Rebels go looting in C. African Republic: lawmakers
Rebels of the Seleka coalition, formed late last year, have looted several towns in the south of the Central African Republic (CAR), causing residents to flee, local officials said.
“The Seleka rebels laid siege to Satema this weekend, that’s to say Saturday. They also positioned men in the town and came back on Sunday, the weekly market day. Several people were robbed of their goods, and hundreds of others fled to take refuge in the Democratic Republic of Congo,” local lawmaker Kohotro Mbomba told AFP late Tuesday.
“I call on the Seleka leaders, on the prime minister and on the president of the republic to do all that is in their power to halt the suffering of the population,” he added.
Reports of looting have emerged in recent days, with rebels accused by the government of failing to respect a ceasefire deal agreed in the Gabonese capital Libreville earlier this month.
UN premises and those of several international organisations were looted, UN special envoy Margaret Vogt said last week.
At Alindao, a central southern town under Seleka control, rebels destroyed police posts and the town hall, said Moise Kotaye, a lawmaker from the town. “They went to the church to carry off many things belonging to the nuns, the priests, including motorcycles of the Catholic charity Caritas.”
“Seleka officials say that these are uncontrolled elements, but they are a mob who destroy, loot and sack in total impunity. Seleka recruited them, they are not foreigners. They are deprived young people…,” Kotaye added.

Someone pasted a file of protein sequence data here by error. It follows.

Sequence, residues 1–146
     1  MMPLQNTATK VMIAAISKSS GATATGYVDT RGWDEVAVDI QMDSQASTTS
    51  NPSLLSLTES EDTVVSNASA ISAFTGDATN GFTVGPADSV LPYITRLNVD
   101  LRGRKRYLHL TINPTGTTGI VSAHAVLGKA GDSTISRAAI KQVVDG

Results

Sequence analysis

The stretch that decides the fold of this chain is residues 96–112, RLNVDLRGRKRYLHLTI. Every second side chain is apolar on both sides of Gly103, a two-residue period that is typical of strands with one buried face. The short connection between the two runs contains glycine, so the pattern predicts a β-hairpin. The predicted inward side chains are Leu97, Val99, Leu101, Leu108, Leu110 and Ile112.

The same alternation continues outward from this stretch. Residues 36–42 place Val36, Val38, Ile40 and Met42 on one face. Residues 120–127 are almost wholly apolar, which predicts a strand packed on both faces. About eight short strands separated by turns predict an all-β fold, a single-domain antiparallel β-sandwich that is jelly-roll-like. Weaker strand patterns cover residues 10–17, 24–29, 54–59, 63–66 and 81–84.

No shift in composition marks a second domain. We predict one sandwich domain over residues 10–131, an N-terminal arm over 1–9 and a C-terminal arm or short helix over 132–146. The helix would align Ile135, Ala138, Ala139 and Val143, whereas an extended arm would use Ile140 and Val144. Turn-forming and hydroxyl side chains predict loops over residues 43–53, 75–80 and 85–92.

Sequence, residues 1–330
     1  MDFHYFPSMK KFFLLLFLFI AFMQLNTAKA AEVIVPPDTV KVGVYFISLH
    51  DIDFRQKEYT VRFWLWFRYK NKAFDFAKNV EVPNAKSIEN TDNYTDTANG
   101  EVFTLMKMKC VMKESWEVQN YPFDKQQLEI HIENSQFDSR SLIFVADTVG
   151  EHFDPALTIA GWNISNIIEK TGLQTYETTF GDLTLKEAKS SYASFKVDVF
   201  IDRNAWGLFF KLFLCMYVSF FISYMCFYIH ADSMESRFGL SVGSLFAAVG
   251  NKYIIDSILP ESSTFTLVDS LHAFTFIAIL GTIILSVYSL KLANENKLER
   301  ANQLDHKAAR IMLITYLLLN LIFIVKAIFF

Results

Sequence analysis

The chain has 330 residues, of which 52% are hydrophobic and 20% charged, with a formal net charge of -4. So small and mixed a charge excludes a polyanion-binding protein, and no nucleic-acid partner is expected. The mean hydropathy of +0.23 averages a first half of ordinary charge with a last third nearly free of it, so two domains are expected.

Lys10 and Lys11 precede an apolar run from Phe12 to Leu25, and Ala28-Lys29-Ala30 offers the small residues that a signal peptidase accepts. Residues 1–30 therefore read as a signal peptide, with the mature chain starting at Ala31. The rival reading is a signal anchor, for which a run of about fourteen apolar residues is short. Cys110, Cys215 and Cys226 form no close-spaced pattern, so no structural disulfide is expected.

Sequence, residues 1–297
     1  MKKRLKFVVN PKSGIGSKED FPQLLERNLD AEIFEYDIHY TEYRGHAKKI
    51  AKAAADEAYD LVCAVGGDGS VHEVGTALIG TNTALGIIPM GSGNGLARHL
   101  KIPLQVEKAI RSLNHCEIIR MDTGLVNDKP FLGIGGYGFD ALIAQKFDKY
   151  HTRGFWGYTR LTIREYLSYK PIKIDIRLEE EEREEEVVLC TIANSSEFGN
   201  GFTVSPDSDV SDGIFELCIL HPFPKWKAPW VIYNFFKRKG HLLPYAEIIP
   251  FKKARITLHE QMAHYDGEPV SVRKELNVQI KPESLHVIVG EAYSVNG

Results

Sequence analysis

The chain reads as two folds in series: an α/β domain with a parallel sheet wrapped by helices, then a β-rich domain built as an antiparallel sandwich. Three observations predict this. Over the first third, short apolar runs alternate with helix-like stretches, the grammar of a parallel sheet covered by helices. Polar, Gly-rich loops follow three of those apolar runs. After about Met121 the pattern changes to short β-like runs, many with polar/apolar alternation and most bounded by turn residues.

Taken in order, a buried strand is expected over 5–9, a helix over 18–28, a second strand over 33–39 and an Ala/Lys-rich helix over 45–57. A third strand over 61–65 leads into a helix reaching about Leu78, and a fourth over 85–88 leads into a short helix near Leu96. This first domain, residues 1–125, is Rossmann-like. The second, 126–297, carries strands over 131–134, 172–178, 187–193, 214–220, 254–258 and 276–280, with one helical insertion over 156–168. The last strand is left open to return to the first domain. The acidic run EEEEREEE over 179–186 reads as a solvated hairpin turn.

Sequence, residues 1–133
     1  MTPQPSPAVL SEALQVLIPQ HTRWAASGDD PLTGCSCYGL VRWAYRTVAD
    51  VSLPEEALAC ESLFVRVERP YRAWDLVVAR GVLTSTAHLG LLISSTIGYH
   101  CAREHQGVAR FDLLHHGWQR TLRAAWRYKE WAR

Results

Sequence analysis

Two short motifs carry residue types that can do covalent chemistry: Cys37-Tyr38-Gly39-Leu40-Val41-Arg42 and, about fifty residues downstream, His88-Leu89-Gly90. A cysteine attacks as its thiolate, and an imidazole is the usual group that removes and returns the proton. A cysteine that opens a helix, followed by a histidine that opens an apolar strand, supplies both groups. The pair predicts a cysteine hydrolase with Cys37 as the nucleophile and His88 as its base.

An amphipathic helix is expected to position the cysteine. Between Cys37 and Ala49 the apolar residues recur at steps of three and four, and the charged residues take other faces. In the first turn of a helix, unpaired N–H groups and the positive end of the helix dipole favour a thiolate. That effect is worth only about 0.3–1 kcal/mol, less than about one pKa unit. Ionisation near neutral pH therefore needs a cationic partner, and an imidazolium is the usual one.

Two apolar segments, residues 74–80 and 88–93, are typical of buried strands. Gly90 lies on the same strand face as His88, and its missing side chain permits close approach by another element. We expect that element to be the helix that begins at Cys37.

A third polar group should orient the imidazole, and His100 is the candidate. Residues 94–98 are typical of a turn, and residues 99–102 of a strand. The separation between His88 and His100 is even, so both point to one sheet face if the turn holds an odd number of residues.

One of Seleka’s military leaders, Colonel Djouma Narkoyo, told AFP that “each time we receive information (about such activity), we verify it and we send men to catch the insurgents. That’s how those behind attacks at Dimbi (centre south) were arrested and sent to Sam Ouandja” in the northeast.
Last week, Seleka rebels attacked a diamond mining zone at Dimbi as well as the town of Kembe, carrying out “looting” and “murders” according to the defence ministry.
After a lightning armed offensive launched in December from northern CAR, the rebels on January 11 agreed at peace talks in Gabon to peace and to withdraw from cities they had seized.
In exchange, President Francois Bozize’s regime agreed to the appointment of a prime minister from the opposition and the formation of a government of national unity.
On January 17, prominent opposition figure and lawyer Nicolas Tiangaye was named prime minister during a ceremony in Bangui that brought together all the parties to the conflict.
Last week UN envoy Vogt warned that foreign troops needed to stay in the country to ensure that CAR did not “become another Mali.”